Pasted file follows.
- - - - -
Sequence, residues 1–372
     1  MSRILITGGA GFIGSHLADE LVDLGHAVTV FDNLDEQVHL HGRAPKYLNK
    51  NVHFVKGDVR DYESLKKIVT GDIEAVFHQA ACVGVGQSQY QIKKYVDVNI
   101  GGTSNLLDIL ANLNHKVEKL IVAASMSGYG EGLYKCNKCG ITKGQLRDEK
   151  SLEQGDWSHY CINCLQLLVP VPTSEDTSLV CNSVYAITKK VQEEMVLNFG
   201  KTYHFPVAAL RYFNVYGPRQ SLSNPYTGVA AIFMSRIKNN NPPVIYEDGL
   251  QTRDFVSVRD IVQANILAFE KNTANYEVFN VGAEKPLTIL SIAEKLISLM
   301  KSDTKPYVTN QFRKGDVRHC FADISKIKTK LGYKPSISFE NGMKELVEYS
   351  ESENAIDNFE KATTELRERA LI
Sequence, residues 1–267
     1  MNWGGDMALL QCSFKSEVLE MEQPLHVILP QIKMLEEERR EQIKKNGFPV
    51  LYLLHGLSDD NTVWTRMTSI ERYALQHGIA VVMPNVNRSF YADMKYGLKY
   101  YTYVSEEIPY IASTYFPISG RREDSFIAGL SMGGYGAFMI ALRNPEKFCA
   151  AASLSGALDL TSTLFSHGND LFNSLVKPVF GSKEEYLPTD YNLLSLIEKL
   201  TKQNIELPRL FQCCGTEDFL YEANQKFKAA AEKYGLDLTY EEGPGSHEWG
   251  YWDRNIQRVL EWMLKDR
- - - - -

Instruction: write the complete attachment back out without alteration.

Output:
Sequence, residues 1–372
     1  MSRILITGGA GFIGSHLADE LVDLGHAVTV FDNLDEQVHL HGRAPKYLNK
    51  NVHFVKGDVR DYESLKKIVT GDIEAVFHQA ACVGVGQSQY QIKKYVDVNI
   101  GGTSNLLDIL ANLNHKVEKL IVAASMSGYG EGLYKCNKCG ITKGQLRDEK
   151  SLEQGDWSHY CINCLQLLVP VPTSEDTSLV CNSVYAITKK VQEEMVLNFG
   201  KTYHFPVAAL RYFNVYGPRQ SLSNPYTGVA AIFMSRIKNN NPPVIYEDGL
   251  QTRDFVSVRD IVQANILAFE KNTANYEVFN VGAEKPLTIL SIAEKLISLM
   301  KSDTKPYVTN QFRKGDVRHC FADISKIKTK LGYKPSISFE NGMKELVEYS
   351  ESENAIDNFE KATTELRERA LI
Sequence, residues 1–267
     1  MNWGGDMALL QCSFKSEVLE MEQPLHVILP QIKMLEEERR EQIKKNGFPV
    51  LYLLHGLSDD NTVWTRMTSI ERYALQHGIA VVMPNVNRSF YADMKYGLKY
   101  YTYVSEEIPY IASTYFPISG RREDSFIAGL SMGGYGAFMI ALRNPEKFCA
   151  AASLSGALDL TSTLFSHGND LFNSLVKPVF GSKEEYLPTD YNLLSLIEKL
   201  TKQNIELPRL FQCCGTEDFL YEANQKFKAA AEKYGLDLTY EEGPGSHEWG
   251  YWDRNIQRVL EWMLKDR